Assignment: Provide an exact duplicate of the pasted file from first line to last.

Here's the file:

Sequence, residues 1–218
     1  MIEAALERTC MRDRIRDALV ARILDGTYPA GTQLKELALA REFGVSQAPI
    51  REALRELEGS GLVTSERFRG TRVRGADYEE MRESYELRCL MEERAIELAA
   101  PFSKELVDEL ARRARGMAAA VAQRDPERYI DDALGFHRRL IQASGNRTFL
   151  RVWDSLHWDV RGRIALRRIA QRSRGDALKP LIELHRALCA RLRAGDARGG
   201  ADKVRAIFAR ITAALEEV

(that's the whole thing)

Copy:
Sequence, residues 1–218
     1  MIEAALERTC MRDRIRDALV ARILDGTYPA GTQLKELALA REFGVSQAPI
    51  REALRELEGS GLVTSERFRG TRVRGADYEE MRESYELRCL MEERAIELAA
   101  PFSKELVDEL ARRARGMAAA VAQRDPERYI DDALGFHRRL IQASGNRTFL
   151  RVWDSLHWDV RGRIALRRIA QRSRGDALKP LIELHRALCA RLRAGDARGG
   201  ADKVRAIFAR ITAALEEV